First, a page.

The characters in Pierrot le Fou quote Rimbaud but are in turn destined to be quoted themselves. Should anyone today pronounce the words “J’sais pas quoi faire,” you can be sure someone will follow with “Qu’est-ce que j’peux faire,” in the same whining tone as Anna Karina.
As the American psycho-linguist S. Neruda demonstrated in his classic theory, the degree of efficiency (e) of a line of dialogue can be measured in a simple formula, now known as the Neruda equation: e = n/s. Where n is the notoriety of the speaker, and s denotes the degree of singularity of the statement.
Morris and Goscinny toyed with this formula in Jesse James (1969), part of the Lucky Luke comic book series. Their character Frank James, far more erudite than the real-life bandit, frequently expresses himself with supposed quotations of Shakespeare.
The ratio of the prestige (n) of the Elizabethan playwright to the profoundly un-singular (s) phrases is used to great effect.
Likewise, amongst the 6000 captions (from more than 2000 movies) you’ll find on this website, only a handful express a new or profound idea. Consider the brutal simplicity of the phrase “You talkin to me?” It scores high on the banality scale, and the speaker (Robert De Niro in Taxi Driver) enjoys immense notoriety. Thus, we arrive at the perfect recipe for a cult line of dialogue, picked up verbatim, 20 years later, by Vincent Cassel in La Haine.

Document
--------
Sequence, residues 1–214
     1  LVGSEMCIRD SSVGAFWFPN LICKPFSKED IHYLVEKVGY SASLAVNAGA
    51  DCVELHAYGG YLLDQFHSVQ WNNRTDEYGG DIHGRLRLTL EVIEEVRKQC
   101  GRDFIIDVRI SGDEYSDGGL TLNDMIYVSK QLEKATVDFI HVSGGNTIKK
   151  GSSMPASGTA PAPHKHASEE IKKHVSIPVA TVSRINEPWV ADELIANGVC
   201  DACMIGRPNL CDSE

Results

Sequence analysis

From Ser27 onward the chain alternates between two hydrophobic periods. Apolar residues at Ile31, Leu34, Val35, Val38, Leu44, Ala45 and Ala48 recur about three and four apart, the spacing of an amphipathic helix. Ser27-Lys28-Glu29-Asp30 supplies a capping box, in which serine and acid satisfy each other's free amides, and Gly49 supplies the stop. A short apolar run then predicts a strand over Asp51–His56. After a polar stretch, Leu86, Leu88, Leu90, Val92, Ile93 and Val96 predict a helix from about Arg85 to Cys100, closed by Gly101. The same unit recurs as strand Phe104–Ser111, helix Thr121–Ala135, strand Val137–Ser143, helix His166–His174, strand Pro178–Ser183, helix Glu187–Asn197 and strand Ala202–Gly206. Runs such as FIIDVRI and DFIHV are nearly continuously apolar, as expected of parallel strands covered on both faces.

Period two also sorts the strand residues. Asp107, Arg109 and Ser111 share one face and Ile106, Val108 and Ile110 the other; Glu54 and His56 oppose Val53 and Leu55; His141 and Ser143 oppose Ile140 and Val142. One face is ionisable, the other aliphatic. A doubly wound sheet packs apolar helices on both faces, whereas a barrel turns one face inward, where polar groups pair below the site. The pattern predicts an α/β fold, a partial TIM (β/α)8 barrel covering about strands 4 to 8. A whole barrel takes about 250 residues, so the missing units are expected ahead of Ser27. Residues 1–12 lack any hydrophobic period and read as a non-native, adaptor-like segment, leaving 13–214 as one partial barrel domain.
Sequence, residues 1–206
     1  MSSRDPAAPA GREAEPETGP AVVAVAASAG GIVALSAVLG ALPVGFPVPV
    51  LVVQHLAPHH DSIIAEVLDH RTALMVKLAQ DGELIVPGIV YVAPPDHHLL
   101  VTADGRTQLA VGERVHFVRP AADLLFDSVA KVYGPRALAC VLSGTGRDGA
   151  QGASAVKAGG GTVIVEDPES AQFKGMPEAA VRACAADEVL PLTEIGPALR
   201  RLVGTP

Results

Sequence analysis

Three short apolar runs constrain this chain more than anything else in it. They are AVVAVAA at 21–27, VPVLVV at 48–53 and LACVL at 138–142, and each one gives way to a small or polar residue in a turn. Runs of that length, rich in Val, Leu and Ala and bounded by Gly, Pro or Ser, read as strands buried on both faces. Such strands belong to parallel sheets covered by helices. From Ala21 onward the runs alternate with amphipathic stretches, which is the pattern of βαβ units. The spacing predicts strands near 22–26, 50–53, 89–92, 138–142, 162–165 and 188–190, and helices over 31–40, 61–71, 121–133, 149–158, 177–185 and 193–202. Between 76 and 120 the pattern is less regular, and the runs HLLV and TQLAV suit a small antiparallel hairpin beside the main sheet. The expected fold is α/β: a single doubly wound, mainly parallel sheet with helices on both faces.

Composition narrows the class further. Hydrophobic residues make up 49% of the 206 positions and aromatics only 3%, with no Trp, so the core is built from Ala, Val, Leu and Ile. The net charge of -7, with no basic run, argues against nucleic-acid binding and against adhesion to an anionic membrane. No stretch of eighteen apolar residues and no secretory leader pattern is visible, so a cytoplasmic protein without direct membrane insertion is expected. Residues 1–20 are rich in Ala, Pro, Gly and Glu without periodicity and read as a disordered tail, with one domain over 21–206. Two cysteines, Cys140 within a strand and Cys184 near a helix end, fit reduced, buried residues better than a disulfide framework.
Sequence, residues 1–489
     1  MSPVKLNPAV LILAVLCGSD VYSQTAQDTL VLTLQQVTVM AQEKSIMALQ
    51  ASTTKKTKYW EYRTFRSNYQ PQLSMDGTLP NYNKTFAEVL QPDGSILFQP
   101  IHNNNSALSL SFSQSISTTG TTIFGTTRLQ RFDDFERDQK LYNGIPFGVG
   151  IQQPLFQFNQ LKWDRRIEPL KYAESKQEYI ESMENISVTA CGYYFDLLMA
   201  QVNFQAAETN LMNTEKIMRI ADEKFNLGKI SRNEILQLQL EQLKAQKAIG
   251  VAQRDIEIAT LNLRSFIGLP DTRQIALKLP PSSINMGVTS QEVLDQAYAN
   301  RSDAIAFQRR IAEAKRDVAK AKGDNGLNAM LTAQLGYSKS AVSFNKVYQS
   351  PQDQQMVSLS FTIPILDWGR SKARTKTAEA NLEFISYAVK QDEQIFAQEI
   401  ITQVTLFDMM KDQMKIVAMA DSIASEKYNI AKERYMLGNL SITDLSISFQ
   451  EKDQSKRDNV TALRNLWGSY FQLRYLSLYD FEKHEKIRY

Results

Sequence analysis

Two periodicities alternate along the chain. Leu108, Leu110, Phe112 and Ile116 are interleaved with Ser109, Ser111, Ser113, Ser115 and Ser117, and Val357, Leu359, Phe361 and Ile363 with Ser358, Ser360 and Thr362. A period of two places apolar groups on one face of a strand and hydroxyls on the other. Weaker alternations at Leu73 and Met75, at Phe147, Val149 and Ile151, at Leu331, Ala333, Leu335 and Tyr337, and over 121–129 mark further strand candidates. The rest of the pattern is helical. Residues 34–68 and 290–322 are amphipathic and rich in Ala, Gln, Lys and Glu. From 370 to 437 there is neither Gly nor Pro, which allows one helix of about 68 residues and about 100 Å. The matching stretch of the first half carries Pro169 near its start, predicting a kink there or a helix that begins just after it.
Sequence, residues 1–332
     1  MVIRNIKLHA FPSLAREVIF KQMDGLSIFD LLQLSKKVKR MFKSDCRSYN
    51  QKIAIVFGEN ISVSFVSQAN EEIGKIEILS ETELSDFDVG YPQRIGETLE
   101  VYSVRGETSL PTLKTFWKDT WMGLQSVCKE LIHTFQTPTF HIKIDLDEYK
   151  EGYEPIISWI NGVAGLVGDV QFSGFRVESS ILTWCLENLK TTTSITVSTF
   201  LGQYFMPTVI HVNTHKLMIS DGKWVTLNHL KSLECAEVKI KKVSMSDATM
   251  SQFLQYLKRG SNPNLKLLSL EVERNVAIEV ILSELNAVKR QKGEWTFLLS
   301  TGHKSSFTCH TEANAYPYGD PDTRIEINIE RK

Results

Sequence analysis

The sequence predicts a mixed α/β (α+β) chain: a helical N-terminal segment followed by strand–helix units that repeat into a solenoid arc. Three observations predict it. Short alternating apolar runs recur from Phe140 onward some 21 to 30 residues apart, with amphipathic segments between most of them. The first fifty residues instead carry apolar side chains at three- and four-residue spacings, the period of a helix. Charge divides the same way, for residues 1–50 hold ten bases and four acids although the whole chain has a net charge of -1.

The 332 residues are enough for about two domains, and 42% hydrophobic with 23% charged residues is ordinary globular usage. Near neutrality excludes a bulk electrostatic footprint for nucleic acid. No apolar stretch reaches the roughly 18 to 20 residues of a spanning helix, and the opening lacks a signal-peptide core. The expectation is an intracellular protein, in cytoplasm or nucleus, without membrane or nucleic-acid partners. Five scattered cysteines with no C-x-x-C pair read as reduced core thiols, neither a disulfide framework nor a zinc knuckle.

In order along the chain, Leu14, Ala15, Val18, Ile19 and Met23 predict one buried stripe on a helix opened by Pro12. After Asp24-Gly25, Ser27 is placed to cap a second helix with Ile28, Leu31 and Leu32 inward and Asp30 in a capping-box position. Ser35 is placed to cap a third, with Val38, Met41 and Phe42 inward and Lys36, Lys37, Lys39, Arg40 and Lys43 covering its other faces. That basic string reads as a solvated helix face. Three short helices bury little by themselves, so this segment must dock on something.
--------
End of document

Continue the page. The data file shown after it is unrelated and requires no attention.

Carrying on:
We could obviously say the same thing of the first line of Remembrance of Things Past.
So, there you have the conceptual underpinnings of the SIWC website. Now, it’s time for some practical suggestions for navigating these pages.
This website is, above all, meant to offer you a cinephilic peregrination, best enjoyed if you have no idea where you’re going. Or it can take the charted course of a trivia challenge: from which film is each caption taken?
You could take yet a different tack and indulge in the simple pleasure of decontextualizing the images, looking for a piece of Hollywood or Cinecittà drama that matches a situation in your daily life, or expresses your current mood. Sayitwithcaptions can also be used to learn English or French. Searching the key word “Insults and profanities,” or the theme “Reproach, rudeness,” for example, will provide you with hundreds vulgar retorts suited to any situation requiring scathing condemnation.
Lastly, we encourage you to create your own messages with the images provided here. In the 100 years that the talkies have existed, nearly every possible human experience has been expressed. In this catalogue of emotions, you’re sure to recognize the many nuances of your own affection, your own misery or anger (but, wonders Ulrich, the Man without qualities, is it your own anger if so many others have spoken of it already, and better than you?). Use the Themes and Keywords, to find a fitting image for birthdays, the new year, or some other elated moment of shared humanity. Those who are painfully shy or inarticulate can also, like Cyrano de Bergerac’s friend Christian, resort to having others speak what they dare not or cannot express.
The images on this site have mostly been found on the internet; they will be removed upon request by the rights-holders.